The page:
SCOTT SIMON, Host:
Women have risked their lives on the front lines of the revolutions that have remade much of the Arab world - protesting, marching, blogging and tweeting, and sometimes dying. Many women are asking if this is leading them any closer to real equality with men. And some express concern that Islamist movements could gain strength and set back women's rights. Sheera Frenkel spoke with women throughout the region and has this report.
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SHEERA FRENKEL: At the headquarters of the Muslim Brotherhood in Egypt's port city of Alexandria, May Kamel is in the midst of a verbal confrontation. The 23-year-old, who calls herself a feminist activist, is arguing with Sobhi Saleh, a senior member of the Islamist group, on the topic of women's rights.
SOBHI SALEH: (Foreign language spoken)
FRENKEL: He tells her that in the new Egypt, she will find a devout religious life - one where she will wear traditional modest clothing and live according to values espoused in the Koran. She picks at her thin T-shirt with fingernails that she's painted jet black and says she is disappointed. Like women across the Arab world, Kamel is waiting to see how the changes sweeping the region will affect her.
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FRENKEL: Just a few months earlier Kamel joined protesters in Cairo's Tahrir Square.
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FRENKEL: She says that the vision of men and women protesting together stood out as a pivotal moment in her mind.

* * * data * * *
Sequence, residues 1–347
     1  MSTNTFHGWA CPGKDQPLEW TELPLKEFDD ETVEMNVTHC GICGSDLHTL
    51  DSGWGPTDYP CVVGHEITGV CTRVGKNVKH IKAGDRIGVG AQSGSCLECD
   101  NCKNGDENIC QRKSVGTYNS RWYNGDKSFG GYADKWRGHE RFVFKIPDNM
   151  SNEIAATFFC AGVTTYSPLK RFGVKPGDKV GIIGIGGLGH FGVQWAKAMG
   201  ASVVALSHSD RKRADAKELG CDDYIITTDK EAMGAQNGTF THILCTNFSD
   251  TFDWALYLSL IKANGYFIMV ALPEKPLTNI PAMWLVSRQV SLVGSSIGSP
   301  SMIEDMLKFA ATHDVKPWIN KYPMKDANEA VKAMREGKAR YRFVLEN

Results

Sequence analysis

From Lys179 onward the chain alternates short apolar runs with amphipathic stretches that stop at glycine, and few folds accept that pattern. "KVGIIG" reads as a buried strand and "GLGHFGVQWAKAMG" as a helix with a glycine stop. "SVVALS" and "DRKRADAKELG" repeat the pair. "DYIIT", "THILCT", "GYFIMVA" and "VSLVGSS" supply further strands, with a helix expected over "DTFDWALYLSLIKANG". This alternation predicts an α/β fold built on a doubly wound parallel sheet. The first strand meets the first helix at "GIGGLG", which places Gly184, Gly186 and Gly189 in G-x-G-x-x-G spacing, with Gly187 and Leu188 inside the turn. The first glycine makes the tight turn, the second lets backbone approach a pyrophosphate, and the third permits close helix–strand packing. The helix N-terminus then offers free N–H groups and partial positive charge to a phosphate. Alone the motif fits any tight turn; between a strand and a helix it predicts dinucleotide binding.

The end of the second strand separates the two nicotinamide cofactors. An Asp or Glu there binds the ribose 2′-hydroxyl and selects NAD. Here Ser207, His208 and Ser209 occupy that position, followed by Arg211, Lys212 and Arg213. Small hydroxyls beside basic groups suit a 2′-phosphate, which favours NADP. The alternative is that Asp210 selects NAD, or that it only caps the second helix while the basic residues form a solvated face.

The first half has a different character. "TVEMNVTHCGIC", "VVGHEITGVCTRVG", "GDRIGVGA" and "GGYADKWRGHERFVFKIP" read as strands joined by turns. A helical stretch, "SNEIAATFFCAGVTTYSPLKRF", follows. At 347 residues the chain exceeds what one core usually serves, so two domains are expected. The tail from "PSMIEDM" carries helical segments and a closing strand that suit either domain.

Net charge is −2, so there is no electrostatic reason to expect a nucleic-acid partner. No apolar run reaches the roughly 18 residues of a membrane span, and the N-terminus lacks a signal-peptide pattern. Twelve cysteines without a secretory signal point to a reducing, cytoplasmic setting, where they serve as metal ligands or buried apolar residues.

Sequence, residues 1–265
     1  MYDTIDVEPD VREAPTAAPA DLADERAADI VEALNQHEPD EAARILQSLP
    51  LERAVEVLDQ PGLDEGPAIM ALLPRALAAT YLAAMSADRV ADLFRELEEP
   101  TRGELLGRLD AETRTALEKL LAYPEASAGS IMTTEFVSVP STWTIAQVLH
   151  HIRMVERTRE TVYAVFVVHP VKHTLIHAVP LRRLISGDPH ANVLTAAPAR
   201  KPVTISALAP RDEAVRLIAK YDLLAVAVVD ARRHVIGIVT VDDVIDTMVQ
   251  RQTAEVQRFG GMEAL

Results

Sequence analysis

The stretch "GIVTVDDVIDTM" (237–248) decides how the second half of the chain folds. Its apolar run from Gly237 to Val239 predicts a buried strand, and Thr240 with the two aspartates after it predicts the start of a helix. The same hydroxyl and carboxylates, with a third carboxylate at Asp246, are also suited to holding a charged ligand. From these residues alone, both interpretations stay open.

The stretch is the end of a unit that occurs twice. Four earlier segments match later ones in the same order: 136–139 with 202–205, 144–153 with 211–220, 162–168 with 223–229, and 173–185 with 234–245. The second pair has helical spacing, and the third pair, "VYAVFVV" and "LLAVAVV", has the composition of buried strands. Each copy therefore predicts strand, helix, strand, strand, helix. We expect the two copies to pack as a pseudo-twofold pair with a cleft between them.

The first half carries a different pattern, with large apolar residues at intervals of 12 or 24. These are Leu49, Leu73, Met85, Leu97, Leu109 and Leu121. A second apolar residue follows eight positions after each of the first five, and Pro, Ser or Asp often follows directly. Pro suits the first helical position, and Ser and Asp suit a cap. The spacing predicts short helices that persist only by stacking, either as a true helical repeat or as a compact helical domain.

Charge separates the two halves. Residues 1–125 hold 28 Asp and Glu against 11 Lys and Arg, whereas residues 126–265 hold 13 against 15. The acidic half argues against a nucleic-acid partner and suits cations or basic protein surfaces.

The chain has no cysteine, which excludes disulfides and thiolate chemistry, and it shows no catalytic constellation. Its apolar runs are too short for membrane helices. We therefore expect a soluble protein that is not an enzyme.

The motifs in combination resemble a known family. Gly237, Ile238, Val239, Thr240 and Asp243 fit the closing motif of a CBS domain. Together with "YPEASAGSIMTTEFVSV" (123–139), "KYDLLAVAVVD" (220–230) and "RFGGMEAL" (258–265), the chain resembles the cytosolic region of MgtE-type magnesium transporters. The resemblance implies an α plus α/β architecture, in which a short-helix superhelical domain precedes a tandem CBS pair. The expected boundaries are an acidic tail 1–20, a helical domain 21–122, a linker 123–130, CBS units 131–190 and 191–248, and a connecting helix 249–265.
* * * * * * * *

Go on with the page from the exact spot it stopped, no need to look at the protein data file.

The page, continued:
MAY KAMEL: Well, I think the youth that were in Tahrir, you know, they're OK with the concept of women and men having equal rights.
FRENKEL: In Egypt, Kamel pointed to a protest that took place on March 8th, International Women's Day. The female protesters were attacked by a group of men.
KAMEL: It got physically abusive after a while, like, the protest actually didn't last, like, for even, like, an hour. And it was just like just completely disgraceful and embarrassing.
FRENKEL: The 27-year-old, who blogs under the moniker A Tunisian Girl, met me at a trendy sidewalk cafe just a few yards from the spot where protesters gathered in early January to demand the fall of a regime. Ben Mhenni says that not everyone was happy about the co-ed protest movement. The good thing is that both men and women took part in this march. But there were groups who shout your place is in the kitchen, you don't have to ask for more rights.
FRENKEL: But Ben Mhenni and other Tunisian women fear those rights could be in jeopardy if Islamist parties gain power in the upcoming elections.
BLOGGER: Before January 14th we were asking for more rights, now we are trying to preserve the rights we already have.
FRENKEL: In Jordan's capital, Amman, journalist Leila Hammerney talked about the challenges facing young women activists across the region.
LEILA HAMMERNEY: It's going to be difficult from now on, but the whole idea is that we're going to fight back, capitalizing on all our experiences. We're going to keep to build more alliances among women.
FRENKEL: For NPR News, I'm Sheera Frenkel.
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